One of the most intimidating things for new Twitter users is the new vocabulary they have to learn. Twitter’s 140-character limit has led to a whole slew of abbreviations and specialized Twitter-lingo that can be difficult to pick up at first. To help with that, here’s a quick glossary of some frequently-used Twitter terms:
 

Basic Tweetcabulary

Tweet: n. the name for the 140-character maximum posting that a user makes to their Twitter account. In its most basic form answers the question “What are you doing?”, but can also be statements, links, anecdotes, questions, etc.; or v. To tweet: The act of writing a tweet and posting it to Twitter
Follow: vt. To “follow” someone on Twitter means to enable their updates (see: “tweets”) to show up in your timeline
Timeline: n. The chronological listing of tweets of those whom you follow that comprises the majority of the Twitter homepage when signed in.
RT: vt. To “ReTweet” is to copy and paste someone else’s tweet verbatim (or as close to verbatim) as possible. Follows the format “RT @username text of original tweet,” or “text of original tweet (via @username)”
DM: vt. To “Direct Message” is to send someone a private message that only they can see. Direct Messages do not show up in the public timeline.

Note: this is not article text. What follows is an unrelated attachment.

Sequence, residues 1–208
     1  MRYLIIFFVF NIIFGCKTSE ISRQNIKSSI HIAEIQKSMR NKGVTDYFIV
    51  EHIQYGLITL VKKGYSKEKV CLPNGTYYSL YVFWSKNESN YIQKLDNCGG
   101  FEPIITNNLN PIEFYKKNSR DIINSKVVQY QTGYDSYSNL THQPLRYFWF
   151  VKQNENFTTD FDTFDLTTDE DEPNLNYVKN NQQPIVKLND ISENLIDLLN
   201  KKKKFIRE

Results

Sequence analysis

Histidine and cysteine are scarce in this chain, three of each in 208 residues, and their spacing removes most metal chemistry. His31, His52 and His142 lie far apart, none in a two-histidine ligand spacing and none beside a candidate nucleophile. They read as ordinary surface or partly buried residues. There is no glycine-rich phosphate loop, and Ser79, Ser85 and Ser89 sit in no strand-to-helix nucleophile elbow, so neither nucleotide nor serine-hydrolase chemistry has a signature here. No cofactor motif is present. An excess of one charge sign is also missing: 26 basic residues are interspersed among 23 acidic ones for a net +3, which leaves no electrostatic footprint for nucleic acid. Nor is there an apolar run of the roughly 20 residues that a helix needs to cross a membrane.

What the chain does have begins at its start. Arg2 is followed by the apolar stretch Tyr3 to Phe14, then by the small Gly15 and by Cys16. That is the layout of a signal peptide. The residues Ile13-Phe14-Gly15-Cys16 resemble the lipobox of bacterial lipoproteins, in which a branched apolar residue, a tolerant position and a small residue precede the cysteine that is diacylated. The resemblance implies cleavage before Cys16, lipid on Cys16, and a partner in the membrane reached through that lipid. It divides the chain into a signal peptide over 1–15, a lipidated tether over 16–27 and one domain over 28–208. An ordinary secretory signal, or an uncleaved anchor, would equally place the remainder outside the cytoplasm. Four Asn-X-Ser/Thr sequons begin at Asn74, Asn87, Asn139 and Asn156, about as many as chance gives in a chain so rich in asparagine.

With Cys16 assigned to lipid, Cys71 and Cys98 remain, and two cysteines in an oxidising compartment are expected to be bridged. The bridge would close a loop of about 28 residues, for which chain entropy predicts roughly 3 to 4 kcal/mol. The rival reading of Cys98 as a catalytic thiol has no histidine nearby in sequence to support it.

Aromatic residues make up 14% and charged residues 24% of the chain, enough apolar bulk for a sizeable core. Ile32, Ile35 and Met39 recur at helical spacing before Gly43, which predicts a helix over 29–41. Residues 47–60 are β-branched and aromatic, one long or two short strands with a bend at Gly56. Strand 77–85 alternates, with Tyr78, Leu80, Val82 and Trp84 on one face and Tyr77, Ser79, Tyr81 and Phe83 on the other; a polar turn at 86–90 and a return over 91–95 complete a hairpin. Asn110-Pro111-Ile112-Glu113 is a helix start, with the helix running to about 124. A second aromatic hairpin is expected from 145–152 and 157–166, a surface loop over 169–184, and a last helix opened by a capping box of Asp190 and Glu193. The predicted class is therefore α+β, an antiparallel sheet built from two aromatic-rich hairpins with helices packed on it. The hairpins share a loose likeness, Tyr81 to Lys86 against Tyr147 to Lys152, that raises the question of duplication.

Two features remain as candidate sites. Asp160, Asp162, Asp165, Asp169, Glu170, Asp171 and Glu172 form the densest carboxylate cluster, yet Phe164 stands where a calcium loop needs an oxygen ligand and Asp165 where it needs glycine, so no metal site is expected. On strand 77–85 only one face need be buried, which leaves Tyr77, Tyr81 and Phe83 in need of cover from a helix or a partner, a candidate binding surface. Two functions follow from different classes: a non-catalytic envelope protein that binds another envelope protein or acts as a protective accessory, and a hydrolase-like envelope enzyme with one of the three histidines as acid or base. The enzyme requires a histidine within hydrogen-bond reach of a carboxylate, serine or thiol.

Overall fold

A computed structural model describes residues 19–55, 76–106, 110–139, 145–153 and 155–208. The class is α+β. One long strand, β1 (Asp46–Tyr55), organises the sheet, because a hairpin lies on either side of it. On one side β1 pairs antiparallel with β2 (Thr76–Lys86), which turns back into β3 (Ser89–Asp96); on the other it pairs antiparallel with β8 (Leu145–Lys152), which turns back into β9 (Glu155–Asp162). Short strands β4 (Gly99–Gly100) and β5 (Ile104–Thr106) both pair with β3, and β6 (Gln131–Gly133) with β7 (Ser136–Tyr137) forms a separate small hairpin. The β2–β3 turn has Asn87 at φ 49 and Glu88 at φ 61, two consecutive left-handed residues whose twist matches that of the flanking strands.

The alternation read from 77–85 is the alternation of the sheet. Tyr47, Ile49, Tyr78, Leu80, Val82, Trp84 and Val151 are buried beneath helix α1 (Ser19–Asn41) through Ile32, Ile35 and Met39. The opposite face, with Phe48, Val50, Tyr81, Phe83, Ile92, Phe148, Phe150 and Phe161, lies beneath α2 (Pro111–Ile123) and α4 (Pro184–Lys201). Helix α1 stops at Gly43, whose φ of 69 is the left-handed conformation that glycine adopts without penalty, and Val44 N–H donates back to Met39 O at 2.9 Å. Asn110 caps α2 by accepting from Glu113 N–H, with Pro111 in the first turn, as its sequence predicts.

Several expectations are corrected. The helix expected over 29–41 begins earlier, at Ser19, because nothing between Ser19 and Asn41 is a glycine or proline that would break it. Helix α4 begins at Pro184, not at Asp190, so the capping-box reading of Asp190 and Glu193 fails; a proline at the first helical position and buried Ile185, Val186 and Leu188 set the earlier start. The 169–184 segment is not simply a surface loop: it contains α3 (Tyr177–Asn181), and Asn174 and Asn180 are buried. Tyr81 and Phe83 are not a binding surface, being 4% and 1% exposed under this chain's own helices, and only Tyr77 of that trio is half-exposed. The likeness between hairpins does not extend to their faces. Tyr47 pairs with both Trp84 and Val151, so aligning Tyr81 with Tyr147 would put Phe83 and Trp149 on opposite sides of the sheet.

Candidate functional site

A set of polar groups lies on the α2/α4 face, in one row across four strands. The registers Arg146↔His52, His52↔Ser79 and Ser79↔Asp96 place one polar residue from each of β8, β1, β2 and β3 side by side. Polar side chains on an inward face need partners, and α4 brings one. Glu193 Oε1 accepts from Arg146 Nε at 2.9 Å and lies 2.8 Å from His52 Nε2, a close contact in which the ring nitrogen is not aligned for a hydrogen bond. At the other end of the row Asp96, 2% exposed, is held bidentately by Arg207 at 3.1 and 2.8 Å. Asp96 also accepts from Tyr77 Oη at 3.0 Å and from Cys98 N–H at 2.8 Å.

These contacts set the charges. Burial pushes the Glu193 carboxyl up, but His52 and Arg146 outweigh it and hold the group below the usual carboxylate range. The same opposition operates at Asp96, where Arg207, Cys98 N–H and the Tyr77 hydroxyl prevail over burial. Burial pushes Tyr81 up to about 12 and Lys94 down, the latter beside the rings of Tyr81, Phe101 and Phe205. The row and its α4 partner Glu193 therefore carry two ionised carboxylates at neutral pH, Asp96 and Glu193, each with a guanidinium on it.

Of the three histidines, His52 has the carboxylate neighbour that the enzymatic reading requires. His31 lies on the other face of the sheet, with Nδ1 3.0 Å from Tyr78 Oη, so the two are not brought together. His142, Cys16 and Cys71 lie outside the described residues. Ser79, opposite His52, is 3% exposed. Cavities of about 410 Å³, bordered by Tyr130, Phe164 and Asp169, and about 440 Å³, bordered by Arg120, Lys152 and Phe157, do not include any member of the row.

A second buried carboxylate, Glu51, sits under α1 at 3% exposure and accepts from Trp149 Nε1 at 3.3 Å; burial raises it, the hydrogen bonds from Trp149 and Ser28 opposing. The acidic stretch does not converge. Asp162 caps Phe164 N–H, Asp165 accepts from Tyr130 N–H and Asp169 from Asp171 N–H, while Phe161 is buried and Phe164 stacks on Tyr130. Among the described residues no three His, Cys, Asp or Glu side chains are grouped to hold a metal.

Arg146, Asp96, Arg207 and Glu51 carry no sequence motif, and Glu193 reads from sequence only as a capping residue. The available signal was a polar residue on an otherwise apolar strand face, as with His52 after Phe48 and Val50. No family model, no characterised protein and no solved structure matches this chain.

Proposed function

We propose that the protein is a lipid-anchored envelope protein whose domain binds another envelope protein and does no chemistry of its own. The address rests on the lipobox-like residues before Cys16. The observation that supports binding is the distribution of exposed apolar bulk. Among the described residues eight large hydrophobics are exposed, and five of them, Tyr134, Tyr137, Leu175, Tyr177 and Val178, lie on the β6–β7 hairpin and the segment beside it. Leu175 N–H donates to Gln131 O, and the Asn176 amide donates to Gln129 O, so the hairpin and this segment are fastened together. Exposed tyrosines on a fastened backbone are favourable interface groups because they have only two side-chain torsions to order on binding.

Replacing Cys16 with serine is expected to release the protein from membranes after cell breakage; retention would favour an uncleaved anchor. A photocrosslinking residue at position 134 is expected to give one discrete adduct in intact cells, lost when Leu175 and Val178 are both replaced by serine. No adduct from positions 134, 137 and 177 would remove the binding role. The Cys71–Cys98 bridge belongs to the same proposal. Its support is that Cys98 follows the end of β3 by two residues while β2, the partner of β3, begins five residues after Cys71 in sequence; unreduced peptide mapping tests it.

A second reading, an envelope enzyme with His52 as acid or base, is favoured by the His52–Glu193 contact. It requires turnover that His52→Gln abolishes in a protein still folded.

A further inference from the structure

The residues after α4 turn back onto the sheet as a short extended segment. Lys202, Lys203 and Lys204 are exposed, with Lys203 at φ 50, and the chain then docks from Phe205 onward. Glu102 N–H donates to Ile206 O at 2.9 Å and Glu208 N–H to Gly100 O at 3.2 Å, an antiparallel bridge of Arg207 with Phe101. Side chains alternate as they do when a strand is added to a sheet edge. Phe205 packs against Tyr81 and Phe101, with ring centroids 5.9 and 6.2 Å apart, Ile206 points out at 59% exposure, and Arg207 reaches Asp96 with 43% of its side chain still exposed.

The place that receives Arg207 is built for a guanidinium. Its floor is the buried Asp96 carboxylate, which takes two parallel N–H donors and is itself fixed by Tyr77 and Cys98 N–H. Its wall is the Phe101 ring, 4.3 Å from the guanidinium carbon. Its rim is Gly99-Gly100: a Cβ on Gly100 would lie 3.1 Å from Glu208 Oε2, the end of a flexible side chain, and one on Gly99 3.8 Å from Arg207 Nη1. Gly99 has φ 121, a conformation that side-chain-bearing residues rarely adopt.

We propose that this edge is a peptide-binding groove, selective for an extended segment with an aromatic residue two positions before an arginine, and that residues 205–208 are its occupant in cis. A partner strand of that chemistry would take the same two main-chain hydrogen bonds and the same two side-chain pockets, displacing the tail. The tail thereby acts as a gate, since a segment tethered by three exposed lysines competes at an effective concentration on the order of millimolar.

@-reply: n. a way of directing public tweets to specific users, or of mentioning users by name in a way that links others to their Twitter accounts. Ex. “@username did you see that article in the NYT yet about Twitter?”, or “Grabbing a quick bite to eat with @username!”
 

Advanced Tweetcabulary

Hashtag: n. a way of organizing groups of tweets about particular topics. Commonly used for disaster relief, memes, and location reference. Ex. “#sandiegofire 300,000 people evacuated in San Diego County now”, or “Where’s a good place for sushi in #rva?”, “#welshfilms Breakfast at Mythanwys”
Tweeps: n. pl. A portmanteau of “Twitter” and “Peeps (people)”, “tweeps” is what many Twitter users call their followers
Twitpic: n. a third-party service that allows users to post photos from cell phones or email to Twitter
Trending Topics: n. pl. Topics that are being mentioned frequently by many users. Trending Topics are searchable and tracked by Twitter.
Tweetup: n. When Twitter users meet in real life.

 

 

Hopefully this glossary can help clear up some of the confusion you can have when you first start using Twitter.

Do you use any other Twitter terms? Give us a definition in the comments and we'll add it to our glossary!